If that wasn’t bad enough, the whole of the marina lost power for a couple of days and it seems the wifi aerial repeater things were affected too, so there was no wifi since end of November. For cruisers it is quite a nuisance as we need wifi to communicate with our families overseas, arrange flights for visits home, or even work! After 4 weeks I looks like the wifi is back, but now we have Force 9 winds, gusting over 50 knots, which will more than likely kill power and wifi again.
Obviously, with the thunderstorm there comes rain. And we did have our fair share of rain – one night it rained 160mm in 3 hours (http://floodlist.com/europe/italy-floods-licata-sicily-160-mm-rain-3-hours), and the town of Licata was flooded; roads turned into rivers and the parking lot, where my parents parked just days before turned into a swimming pool! (Last 4 fotos of the flooding from http://www.meteoweb.eu - I tried to avoid going out)
Rain and thunderstorms have eased for now, but we still struggle with the gales – especially being on a mono hull doesn’t help with the overall well being… You guys probably know what I mean :)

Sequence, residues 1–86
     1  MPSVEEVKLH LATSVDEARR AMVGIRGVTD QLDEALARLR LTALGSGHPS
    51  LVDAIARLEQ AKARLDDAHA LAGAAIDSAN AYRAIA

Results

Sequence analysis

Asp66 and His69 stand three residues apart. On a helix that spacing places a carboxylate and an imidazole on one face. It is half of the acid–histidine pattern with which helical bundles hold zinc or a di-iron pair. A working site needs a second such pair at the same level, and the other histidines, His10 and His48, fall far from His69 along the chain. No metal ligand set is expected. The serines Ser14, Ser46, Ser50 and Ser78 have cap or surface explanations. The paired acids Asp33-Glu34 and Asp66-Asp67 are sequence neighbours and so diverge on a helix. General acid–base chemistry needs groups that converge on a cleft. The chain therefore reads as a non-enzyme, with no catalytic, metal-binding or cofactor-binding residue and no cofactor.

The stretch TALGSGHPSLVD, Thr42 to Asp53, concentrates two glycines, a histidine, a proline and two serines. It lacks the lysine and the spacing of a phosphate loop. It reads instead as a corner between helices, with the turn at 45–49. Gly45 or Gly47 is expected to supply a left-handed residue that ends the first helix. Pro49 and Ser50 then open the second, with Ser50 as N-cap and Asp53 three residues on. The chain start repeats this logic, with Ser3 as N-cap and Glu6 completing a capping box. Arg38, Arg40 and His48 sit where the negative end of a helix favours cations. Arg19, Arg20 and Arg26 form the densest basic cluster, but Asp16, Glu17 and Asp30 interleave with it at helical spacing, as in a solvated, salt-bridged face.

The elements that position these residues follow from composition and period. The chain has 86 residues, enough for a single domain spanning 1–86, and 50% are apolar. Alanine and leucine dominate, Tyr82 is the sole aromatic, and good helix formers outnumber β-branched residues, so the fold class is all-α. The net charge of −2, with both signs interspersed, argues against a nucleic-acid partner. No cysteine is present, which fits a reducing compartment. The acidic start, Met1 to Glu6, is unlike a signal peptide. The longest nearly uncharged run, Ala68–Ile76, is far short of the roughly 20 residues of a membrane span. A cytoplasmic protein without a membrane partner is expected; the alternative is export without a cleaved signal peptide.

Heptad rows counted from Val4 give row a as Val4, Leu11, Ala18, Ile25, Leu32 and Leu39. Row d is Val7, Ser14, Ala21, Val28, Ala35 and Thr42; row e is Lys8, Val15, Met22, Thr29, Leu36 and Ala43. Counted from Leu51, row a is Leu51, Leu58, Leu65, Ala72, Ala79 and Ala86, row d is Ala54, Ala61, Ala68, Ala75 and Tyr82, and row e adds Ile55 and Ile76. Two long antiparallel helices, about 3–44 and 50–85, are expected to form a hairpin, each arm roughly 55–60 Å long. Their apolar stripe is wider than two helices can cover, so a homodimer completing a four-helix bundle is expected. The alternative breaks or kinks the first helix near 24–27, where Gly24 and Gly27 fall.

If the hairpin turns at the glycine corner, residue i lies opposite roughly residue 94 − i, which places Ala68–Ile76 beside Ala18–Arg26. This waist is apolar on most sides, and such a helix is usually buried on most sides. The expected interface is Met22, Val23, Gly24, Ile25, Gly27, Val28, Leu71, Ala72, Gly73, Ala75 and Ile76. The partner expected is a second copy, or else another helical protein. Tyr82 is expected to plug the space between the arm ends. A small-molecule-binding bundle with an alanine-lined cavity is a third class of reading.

Stay safe, take care and keep warm - your STN Crew
65 Euro / night, for 14.49m boat, end September.
We called the marina about 10min before we arrived and asked if they had a berth for the night. No problem at all, and a dinghy came out and greeted us when we got to the entrance, checked out our size and guided us to our berth for the night, where he jumped out of his boat and helped us with the lines.
Again, wind was not quite in our favour, but with the second attempt we were safely in our berth and with the mooring assistance quickly secured. Top marks.
It feels smaller, or more personal, due to the layout of the marina/pontoons than Punta Ala.
The office is right at the transient berths pontoon, so we didn’t have to walk far and the office staff spoke a little English (it’s always a blessing if they speak a little English because our Italian is even less than a little – random words, yes, whole sentences, no)